I found myself not being able to put Brandon Sander's Warbreak down. So many interesting twists and character relationships being developed. I felt the story dragged here and there. The author definitely took advantage of grabbing your attention then letting you wait around to hear more. Between the two main characters, Siri, the youngest sister, is more fascinating, for she had more spunk and character where her older sister Vivenna was dull and boring like her country, Idris. She eventually developed a personality towards the end of the book, when she no longer views herself as Princess Vivenna, but Vivenna the Awakener. I was taken by complete surprise about how the two sisters switched roles in the novel. Both were raised entirely differently, yet developed to be totally opposite people. Siri is such a lovable character, genuine and true. How she rebels without having an intention to hurt people and passion for life makes the reader love her like an energetic child running around. The relationship that develops between the God King and Siri is absolutely heart touching, especially when the God King motions Siri to read a children book to him. The culture depicts the god to be ruthless and menacing when in actuality he is an innocent man with a pure heart. Siri matures as an individual being the God King's wife. She learns to be on her own and important. Most of all she learns to feel needed by the God King, something she lacked when she was a princess of Idris.

Brandon Sander's depiction of color is very intriguing. A country lacking color and another full of saturated colors. He shows life without color is dull, boring and lacks life its self and shows the complete opposite where color makes life. He creates a world where color can be intensified by breath and the multiple heightening. Also color can be taken away by extreme means. This piece of literature provoked me to think about color influence on people's life and how powerful it can be. As an artist I have to use color to my advantage and impact people. Brandon Sanders also integrates themes of politics and religious conflict which is nice to read taken out of the context of reality and learned about in a different perspective.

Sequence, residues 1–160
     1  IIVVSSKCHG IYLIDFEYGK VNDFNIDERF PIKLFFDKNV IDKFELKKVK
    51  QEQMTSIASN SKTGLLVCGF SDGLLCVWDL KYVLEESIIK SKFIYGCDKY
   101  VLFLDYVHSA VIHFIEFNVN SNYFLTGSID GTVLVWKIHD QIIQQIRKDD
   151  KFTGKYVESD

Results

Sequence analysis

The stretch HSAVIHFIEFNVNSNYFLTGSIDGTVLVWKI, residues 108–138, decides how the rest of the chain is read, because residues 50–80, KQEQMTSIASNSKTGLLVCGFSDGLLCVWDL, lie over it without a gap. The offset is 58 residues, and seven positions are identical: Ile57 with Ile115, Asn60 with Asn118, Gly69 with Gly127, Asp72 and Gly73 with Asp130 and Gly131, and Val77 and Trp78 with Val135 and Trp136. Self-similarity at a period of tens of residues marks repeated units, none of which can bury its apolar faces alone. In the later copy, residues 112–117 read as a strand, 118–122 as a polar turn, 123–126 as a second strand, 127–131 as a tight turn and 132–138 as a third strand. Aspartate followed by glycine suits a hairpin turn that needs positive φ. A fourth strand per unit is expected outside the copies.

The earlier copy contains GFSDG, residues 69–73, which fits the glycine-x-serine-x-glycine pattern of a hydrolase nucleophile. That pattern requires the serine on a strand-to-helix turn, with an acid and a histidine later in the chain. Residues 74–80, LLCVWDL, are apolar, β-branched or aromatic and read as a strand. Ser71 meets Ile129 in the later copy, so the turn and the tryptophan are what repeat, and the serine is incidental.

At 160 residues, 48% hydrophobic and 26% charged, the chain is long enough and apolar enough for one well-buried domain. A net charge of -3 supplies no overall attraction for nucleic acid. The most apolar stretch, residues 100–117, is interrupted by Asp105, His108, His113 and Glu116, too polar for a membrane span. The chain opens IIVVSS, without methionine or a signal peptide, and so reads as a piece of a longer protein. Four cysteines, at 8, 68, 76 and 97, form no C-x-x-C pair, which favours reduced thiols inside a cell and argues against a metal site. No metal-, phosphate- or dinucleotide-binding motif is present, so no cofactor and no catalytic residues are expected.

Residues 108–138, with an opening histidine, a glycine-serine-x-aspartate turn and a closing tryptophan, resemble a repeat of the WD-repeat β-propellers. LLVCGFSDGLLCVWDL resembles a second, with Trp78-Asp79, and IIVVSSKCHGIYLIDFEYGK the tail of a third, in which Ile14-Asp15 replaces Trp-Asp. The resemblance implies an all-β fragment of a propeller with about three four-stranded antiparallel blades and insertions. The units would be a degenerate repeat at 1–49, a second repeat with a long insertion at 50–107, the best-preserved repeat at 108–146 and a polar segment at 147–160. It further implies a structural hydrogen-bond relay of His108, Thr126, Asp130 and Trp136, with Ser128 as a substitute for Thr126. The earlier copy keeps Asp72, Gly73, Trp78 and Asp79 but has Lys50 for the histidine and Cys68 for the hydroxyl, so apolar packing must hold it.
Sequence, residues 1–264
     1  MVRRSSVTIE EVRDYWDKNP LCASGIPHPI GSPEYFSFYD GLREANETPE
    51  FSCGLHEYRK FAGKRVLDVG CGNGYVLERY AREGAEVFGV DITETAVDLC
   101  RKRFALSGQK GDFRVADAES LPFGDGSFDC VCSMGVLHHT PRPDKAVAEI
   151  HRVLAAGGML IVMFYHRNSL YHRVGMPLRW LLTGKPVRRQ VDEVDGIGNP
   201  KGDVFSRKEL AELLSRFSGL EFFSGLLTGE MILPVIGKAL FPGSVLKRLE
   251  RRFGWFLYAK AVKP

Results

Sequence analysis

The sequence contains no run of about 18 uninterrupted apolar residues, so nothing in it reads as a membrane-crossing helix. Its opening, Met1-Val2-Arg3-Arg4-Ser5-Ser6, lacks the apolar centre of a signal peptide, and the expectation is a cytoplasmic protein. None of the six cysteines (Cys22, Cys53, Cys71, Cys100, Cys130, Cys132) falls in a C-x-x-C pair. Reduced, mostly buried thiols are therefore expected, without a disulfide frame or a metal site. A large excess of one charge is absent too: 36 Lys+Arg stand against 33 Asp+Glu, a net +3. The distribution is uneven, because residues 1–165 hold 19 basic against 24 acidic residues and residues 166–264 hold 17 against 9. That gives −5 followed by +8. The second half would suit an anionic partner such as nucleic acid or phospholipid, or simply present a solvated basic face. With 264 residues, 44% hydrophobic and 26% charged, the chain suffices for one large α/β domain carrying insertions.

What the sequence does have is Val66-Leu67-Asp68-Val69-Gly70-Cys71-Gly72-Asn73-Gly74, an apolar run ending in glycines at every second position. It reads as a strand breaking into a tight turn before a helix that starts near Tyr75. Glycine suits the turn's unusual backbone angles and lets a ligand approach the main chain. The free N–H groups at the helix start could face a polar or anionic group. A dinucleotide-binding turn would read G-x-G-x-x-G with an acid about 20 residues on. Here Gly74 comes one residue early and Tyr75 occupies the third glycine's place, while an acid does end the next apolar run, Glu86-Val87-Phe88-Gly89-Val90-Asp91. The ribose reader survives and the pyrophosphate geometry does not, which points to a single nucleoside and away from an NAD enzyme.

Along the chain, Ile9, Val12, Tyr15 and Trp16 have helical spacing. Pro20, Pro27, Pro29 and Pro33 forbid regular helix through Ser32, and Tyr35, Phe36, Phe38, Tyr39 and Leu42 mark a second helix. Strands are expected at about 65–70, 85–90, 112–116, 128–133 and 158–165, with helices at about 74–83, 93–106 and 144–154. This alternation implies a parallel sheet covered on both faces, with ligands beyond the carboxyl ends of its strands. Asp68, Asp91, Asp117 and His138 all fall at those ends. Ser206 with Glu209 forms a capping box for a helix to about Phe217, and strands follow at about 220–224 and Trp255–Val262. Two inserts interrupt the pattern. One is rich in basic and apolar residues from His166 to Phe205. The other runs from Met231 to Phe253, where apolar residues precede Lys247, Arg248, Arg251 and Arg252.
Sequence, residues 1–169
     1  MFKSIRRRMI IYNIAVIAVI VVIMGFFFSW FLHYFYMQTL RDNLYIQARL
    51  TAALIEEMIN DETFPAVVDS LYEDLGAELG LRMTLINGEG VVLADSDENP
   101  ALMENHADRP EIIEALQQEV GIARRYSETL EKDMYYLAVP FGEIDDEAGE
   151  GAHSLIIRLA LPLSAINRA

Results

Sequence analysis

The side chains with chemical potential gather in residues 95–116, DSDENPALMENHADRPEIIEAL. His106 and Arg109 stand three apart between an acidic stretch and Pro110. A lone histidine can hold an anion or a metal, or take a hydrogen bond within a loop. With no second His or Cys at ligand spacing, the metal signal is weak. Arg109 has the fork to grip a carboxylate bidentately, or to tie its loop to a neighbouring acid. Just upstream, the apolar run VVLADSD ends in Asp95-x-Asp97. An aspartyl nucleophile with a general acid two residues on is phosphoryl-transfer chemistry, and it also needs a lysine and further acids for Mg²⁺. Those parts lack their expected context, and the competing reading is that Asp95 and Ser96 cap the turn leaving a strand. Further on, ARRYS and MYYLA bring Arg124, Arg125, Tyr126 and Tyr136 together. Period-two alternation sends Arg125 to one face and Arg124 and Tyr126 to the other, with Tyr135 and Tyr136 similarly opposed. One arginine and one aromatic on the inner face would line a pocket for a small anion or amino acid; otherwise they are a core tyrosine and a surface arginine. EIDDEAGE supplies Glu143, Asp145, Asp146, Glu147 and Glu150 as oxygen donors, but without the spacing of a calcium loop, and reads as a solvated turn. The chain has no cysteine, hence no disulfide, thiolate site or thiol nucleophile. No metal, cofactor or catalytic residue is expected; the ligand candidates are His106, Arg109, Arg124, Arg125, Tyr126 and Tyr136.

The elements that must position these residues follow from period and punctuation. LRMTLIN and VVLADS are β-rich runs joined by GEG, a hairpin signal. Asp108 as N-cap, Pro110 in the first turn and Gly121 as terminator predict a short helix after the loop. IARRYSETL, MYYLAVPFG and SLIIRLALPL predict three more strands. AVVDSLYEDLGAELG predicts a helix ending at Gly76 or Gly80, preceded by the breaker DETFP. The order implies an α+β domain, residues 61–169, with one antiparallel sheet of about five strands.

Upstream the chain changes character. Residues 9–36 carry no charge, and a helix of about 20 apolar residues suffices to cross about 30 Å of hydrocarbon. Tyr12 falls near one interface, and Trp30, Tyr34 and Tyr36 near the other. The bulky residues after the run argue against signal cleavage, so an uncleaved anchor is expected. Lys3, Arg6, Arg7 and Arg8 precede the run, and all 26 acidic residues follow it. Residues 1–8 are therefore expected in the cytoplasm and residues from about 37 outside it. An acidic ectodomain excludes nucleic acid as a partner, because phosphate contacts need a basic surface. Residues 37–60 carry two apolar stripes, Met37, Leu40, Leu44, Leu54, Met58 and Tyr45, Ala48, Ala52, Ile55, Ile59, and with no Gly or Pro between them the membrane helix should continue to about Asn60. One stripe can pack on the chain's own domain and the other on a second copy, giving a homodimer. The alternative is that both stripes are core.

Sunday, October 9, 2011

Farenheit 451 the Movie

I've always wanted to read Fahrenheit 451 by Ray Bradbury, I absolutely love dystopia books. The original book was written in 1953 and the movie was made in 1966 directed by Francois Truffaut. The general synopsis of the story is about a fireman burning books in an oppressive society and begins to be curious of why he is doing so. The situation of Fahrenheit 451 is very similar to the novel Nineteen Eighty-Four by George Orwells. The environment is much different and so is the control of authority. In Nineteen Eighty-Four, living was grungy and freedom was limited. People were constantly watch by “Big Brother” and recreational actives were essentially nonexistence. In Fahrenheit 451, people live fabulously with luxurious items and drugs. Both stories had controlled media and the television was the main focus of everyday life.

The main focus was how television corrupts people and destroy's peoples interest in reading books. When the wife is introduced in the film, she is glued to the television. Montag brings home good news of a promotion and she responds in a impersonal manner and also delayed. Linda is a very bland person, only focused on being popular, materialistic and constantly on drugs. Drugs is a common thing is this story, as well as overdosing. People don't get arrested for taking drugs, instead they get arrested for reading books. The other main female in this movie is Clarissa, a book reader, who is “well of words.” Those who read are well cultured and actually have thoughts that are not controlled by the media. I watched the film twice; once to amerce my self in the film and the second to observe closer and to take notes. I didn't notice the first time that Linda, Montag's wife, and Clarissa was the actress, the hair cut totally fooled me.